Grant admits that there were some themes he would have relished the opportunity to explore, but found that he couldn't as they fell into creative ground he had previously covered. 'In one of the previous Terminator stories I wrote, called 'Death Valley', there was a Terminator who started to gain a glimmer of what we would call self-consciousness; it started to question what it was doing and why. It was questioning its programming, which is when people start to develop a rational mind. Instead of doing something automatically, they think about it. I think that would have worked well in the SUPERMAN/TERMINATOR story, but it was unfortunate that I had written half a dozen issues on that subject and I had to steer clear of that completely. The licensees who own Terminator don't want their Terminators to gain self-consciousness, anyway. They want Skynet, which is the operating system for all electronics and computers in the future, to remain supreme rather than have one of their Terminators break through the consciousness and join the resistance. Of course, they'll be looking for another miniseries in three to six months, and it's a perfect idea because it deals with something that's never come up before. That's what I like to look for, and that's what appealed to me about SUPERMAN/TERMINATOR.'
Which is probably what appeals to him about his next project besides the numerous Batman titles he has in the works UNIVERSE, which is essentially a three issue prestige series in development that deals with the concept of a LORD OF THE RINGS-like story featuring DC super heroes in the pivotal roles. At its core, the story is about a fellowship that must save their world, which is called Universe. 'There is indeed a quest,' notes Grant. 'The person who goes on this quest is Robin, so we have an ordinary hero going on the quest rather than a super hero, and he meets up with super heroes at various points of his journey. It starts off that Robin has to go off and warn people about mysterious assailants who have attacked his village, burning it down and slaughtering his people. Robin consults the tribal Shaman, who is in fact a fantasy version of the Riddler, and Robin has to solve the riddle as he goes along. As he travels on his quest to warn other people, he realizes that it isn't JUST that; there's more to it. Ultimately it becomes about saving Universe itself. Along the way he encounters virtually all of the DC super heroes and some of the villains.' One would imagine that the Sauron 'role' would have to go to Darkseid. 'No comment,' Grant laughs.'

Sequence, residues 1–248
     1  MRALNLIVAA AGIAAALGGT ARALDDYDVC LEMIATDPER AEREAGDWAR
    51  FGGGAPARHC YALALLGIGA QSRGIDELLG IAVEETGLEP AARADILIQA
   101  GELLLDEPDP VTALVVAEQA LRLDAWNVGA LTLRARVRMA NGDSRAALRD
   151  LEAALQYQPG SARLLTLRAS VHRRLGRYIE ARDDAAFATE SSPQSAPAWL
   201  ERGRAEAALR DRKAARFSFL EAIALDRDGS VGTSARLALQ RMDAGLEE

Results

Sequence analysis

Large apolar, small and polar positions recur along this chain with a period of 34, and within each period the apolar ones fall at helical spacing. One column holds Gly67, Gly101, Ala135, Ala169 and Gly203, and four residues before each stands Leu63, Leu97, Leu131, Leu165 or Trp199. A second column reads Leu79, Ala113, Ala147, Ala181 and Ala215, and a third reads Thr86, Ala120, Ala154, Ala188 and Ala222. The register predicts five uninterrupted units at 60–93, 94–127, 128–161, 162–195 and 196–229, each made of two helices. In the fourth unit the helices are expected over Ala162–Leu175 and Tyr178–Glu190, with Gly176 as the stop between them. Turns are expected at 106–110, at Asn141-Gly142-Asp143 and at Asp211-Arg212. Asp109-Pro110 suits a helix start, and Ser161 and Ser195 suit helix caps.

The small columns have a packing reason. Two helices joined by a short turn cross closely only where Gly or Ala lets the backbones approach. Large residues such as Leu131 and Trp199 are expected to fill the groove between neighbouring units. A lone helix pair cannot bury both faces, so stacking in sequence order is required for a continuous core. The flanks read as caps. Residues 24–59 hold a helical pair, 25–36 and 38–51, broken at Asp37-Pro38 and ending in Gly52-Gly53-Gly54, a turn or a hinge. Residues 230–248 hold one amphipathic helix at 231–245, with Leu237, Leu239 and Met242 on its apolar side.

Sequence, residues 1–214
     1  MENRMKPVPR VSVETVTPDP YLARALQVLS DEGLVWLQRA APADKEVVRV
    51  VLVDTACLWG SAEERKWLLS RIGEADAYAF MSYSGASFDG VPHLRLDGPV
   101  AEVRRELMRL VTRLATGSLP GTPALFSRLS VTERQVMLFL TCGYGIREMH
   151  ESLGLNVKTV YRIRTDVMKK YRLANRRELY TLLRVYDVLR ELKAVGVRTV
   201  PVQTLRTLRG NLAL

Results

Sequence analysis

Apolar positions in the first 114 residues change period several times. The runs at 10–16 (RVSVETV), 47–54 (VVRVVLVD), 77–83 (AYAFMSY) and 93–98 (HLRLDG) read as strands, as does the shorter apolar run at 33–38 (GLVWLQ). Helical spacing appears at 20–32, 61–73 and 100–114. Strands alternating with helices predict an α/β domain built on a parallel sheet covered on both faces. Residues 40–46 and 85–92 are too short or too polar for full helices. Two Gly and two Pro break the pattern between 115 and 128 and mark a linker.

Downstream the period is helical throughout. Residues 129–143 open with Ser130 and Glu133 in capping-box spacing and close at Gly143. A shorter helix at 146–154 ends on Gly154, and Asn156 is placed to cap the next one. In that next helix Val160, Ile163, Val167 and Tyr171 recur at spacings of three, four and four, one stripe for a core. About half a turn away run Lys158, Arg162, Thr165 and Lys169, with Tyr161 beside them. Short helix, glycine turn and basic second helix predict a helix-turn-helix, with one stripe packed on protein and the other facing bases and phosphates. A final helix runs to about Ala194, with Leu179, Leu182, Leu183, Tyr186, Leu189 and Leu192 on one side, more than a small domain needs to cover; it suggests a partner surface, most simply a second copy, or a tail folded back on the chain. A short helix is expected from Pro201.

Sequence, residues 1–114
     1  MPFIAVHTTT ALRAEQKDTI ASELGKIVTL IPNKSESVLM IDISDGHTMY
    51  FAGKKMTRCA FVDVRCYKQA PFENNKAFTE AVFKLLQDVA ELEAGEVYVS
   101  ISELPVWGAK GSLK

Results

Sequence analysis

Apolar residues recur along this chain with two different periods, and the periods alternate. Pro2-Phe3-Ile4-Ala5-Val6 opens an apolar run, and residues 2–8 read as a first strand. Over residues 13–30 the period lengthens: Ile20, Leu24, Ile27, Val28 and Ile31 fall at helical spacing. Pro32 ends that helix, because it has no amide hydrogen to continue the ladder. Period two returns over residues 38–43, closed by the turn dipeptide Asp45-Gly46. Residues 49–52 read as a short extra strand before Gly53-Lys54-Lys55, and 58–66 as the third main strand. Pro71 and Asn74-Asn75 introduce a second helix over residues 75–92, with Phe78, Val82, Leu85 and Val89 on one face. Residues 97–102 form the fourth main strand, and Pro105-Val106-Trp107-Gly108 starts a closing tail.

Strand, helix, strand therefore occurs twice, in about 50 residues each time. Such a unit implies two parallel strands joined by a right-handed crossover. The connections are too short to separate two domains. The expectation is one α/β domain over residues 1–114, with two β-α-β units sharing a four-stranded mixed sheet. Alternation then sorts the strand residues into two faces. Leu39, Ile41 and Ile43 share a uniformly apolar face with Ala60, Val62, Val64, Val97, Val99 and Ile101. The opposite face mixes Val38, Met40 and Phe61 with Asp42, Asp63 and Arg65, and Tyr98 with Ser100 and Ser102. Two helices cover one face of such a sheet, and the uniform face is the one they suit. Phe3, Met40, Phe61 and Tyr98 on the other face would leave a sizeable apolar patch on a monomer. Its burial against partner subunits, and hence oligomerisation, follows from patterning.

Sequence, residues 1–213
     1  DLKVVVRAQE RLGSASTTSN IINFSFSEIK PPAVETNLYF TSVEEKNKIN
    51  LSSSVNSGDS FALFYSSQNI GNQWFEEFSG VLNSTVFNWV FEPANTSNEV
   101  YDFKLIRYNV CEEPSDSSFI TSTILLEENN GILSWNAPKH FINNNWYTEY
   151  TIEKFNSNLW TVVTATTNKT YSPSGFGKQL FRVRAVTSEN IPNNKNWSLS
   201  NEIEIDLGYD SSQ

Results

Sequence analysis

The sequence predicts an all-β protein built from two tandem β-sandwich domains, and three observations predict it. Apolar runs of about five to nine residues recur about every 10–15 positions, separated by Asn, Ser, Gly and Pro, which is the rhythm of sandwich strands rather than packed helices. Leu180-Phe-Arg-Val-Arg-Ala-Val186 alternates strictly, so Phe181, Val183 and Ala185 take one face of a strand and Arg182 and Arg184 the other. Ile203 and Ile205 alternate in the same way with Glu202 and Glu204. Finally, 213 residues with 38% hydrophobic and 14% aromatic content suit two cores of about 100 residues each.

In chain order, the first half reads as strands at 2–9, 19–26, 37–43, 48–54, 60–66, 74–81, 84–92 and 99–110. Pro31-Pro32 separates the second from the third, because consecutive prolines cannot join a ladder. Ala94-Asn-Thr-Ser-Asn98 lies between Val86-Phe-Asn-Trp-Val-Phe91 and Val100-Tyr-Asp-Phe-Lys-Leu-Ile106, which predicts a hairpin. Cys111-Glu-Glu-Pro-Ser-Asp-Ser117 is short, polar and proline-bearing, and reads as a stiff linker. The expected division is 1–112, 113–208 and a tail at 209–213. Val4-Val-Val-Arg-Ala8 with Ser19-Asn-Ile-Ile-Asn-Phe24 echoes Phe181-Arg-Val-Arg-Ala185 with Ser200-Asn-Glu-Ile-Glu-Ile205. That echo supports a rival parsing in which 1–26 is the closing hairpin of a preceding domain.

For Grant, both the SUPERMAN VS. TERMINATOR miniseries and UNIVERSE hold a special appeal that he believes will allow readers to share his enthusiasm. 'What I like,' he closes, 'is to take these heroes and put them in a totally different bent, and, as a result, getting really excited about them all over again.'